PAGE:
“Prone on the iron bed, Dona Flor shuddered. That night the gall turned to honey, once more pain became supreme pleasure; never had she been a mare so in heat covered by her potent stallion, such an eager bitch, a slave submitting to her own debauchery, a woman pursuing all the paths of desire, fields of flowers and sweetness, forests of damp shadows and forbidden ways, to their final conclusion. A night to enter the narrowest, most tightly closed doors, a night to surrender the last bastion of her modesty, Glory hallelujah! When gall is turned into honey and suffering is strange, exquisite, divine pleasure, a night to give and to receive.”

“What do I care about what people think of me? What do I give for my honor as a married woman? Take all this in your burning mouth, which tastes of raw onion, burn in your fire my innate decency, rend with your spurs my former modesty: I am your bitch, your mare, your whore.”

And this one, after being a widow:
“As a rule, her untroubled sleep was only a brief beginning. Then the dreams began and led her to the infamy of obscenities, tossing about on the mattress, her breast aching, her womb mad. Every night, her period of sleep and rest diminished, and the dreaming and desire grew.”

On secrets in marriage:
“’We are never going to quarrel. Nor hide anything from one another, no matter what it is. We will tell each other everything, everything.’
He kissed her lips softly.
‘Everything,’ Dona Flor repeated in a whisper.
Dr. Teodoro smiled, completely satisfied, got up and went to turn off the light. ‘Everything, Teodoro? Do you think that is possible? Even the most hidden thoughts, those which a person hides even from himself, Teodoro?’ …. ‘Not everything, Teodoro. You do not know what a dark pool the heart is.’”

Lastly, some humor, on the unpleasant Dona Rozilda; this one relative to her husband:
“On departing this for a better world, the aforementioned Gil, the nincompoop without any backbone, had left his family in a very tight spot, in a precarious situation. In his case the phrase ‘departing this for a better world’ is not just a cliché, but the literal truth. Whatever the mysteries that might await him in the beyond – a paradise of light, music, and glowing angels; a murky hell with boiling cauldrons; damp, limbo; circling through sidereal space; or nothing, simply not being – anything would be better by comparison than his life with Dona Rozilda.”

And this from Vadinho, her son-in-law, who pretty quickly sizes her up:
“Nobody but Jesus Christ could stand living with Dona Rozilda, and I am not even sure He could; we’d have to see if the Nazarene had the patience. Maybe not even He could take it.” ( )
4 vote gbill | May 7, 2013 |
"Vadhino, Dona Flor's first husband, died one Sunday of Carnival, in the morning, dressed up like a Bahian Woman, he was dancing the samba, with the greatest enthusiasm, in the Dois de Julho Square, not far from his house." That is the first sentence and it partially sums up the fun loving, roving gambler that was Dona Flor's first husband.

This book is about Dona Flor coming to terms with the men in her life and appreciating what each has to offer (unlike me who would have offered Vadhino a boot out the door). It is well written and humorous. Lots of colorful personalities gossiping in the streets and prying into each others lives.

I think this book could have benefited from a fair amount of editing- but I still enjoyed it. ( )
  aylin1 | Mar 31, 2013 |
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» Add other authors (9 possible)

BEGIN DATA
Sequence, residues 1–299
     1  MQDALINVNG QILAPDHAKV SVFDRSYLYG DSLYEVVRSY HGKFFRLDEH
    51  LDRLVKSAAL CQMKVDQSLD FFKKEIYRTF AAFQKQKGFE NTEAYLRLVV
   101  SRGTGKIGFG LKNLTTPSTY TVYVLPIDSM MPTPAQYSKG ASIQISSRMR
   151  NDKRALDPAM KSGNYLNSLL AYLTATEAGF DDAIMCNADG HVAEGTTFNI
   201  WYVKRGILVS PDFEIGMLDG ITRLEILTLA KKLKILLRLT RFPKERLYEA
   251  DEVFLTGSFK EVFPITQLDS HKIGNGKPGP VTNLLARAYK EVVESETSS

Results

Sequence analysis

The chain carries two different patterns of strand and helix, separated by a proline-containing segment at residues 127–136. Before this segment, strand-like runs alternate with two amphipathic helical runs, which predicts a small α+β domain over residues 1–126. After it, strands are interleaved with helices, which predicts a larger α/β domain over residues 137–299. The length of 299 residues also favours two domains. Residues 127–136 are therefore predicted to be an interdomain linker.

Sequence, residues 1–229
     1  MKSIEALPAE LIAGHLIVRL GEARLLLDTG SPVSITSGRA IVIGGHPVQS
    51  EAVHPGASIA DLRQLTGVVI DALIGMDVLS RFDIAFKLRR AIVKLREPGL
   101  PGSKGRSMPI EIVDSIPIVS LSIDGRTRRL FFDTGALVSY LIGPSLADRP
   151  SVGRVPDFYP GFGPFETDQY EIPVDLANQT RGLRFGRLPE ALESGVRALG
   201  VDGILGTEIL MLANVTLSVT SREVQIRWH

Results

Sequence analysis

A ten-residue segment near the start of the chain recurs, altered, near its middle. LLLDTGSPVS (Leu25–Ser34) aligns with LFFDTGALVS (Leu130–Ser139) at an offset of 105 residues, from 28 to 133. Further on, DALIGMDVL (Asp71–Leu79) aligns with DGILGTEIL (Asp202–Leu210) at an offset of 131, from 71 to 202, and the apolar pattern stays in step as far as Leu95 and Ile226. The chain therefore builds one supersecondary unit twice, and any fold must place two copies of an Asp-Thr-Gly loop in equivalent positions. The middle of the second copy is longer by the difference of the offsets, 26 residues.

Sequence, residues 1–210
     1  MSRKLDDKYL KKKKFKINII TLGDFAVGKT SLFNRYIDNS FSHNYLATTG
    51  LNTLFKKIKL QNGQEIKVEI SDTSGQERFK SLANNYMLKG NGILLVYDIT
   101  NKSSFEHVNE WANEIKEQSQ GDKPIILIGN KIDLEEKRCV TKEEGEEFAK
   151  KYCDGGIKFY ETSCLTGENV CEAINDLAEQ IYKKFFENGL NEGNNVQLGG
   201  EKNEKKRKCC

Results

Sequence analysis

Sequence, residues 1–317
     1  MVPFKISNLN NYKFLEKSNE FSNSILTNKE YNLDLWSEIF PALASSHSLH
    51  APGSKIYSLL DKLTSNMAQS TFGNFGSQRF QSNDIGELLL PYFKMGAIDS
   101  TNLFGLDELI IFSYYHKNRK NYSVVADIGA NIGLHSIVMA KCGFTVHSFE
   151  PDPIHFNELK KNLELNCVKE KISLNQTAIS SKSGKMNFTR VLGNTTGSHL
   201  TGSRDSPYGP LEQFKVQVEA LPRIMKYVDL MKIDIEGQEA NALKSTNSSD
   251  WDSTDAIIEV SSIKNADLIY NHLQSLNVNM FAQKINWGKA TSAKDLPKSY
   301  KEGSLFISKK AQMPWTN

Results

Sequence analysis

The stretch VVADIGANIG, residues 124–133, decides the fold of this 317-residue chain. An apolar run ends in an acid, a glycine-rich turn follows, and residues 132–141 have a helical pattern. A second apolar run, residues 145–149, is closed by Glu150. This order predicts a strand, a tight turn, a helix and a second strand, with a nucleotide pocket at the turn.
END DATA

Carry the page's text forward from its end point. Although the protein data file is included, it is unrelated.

Author nameRoleType of authorWork?Status
Jorge Amadoprimary authorall editionsconfirmed
de Onis, HarrietTranslatorsecondary authorsome editionsconfirmed
Grechi, ElenaTranslatorsecondary authorsome editionsconfirmed
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Epigraph in first Portuguese edition - Deus é gordo.
(revelação de Vadinho ao retornar)

A terra é azul.
(confirmou Gagarin após o primeiro vôo espacial)

Um lugar para cada coisa e cada coisa em seu lugar.
(dístico na parede da farmácia do dr. Teodoro Madureira)

(suspirou dona Flor)

In English -
God is fat.
(revelation of Vadinho upon his return)

The Earth is blue.
(confirmed Yuri Gagarin after the first space flight)

A place for everything and everything in its place.
(Motto on the wall of the pharmacy of Dr. Teodoro Madureira)

(sighed dona Flor)
Dedication in first Portuguese edition - "Para Zélia, na tarde quieta de jardim e gatos, na cálida ternura deste abril; para João e Paloma, na manhã das primeiras leituras e dos primeiros sonhos.

Para minha comadre Norma de Guimarães Sampaio, acidentalmente personagem, cuja presença honra e ilustra estas pálidas letras. Para Beatriz Costa, de quem Vadinho foi sincero admirador. Para Eneida, que teve o privilégio de ouvir o Hino Nacional executado ao fagote pelo dr. Teodoro Madureira. Para Giovanna Bonino, que possui um ólio do pintor José de Dome - retrato de dona Flor adolescente, em ocres e amarelos. Quatro amigos aqui juntas no afeto do autor.

Para Diaolas Riedel e Luiz Monteiro.

(In English) For Zelia, in the quiet afternoon of garden and cats, in the warm tenderness of this April; for João and Paloma, in the morning of first readings and of first dreams.

For Norma dos Guimarães Sampiao, an accidental character, whose presence honors and illuminates these pale words. For Beatriz Costa, of whom Vadinho was a sincere admirer. For Eneida, who had the privilege of hearing the National Anthem played on the bassoon by Dr. Teodoro Madureira. For Giovanna Bonino, who owns an oil painting by José de Dome - a portrait of the adolescent dona Flora, in ochres and yellows. Four friends united here in the affection of the author.

For Diaulas Riedel e Luiz Monteiro.
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Amazon.com Product Description (ISBN 0307276643, Paperback)

It surprises no one that the charming but wayward Vadinho dos Guimaraes–a gambler notorious for never winning—dies during Carnival. His long suffering widow Dona Flor devotes herself to her cooking school and her friends, who urge her to remarry. She is soon drawn to a kind pharmacist who is everything Vadinho was not, and is altogether happy to marry him. But after her wedding she finds herself dreaming about her first husband’s amorous attentions; and one evening Vadinho himself appears by her bed, as lusty as ever, to claim his marital rights.

(retrieved from Amazon Thu, 12 Mar 2015 18:09:42 -0400)

(see all 3 descriptions)

A woman, remarried after her first husband's untimely death, summons her first husband from the grave.

(summary from another edition)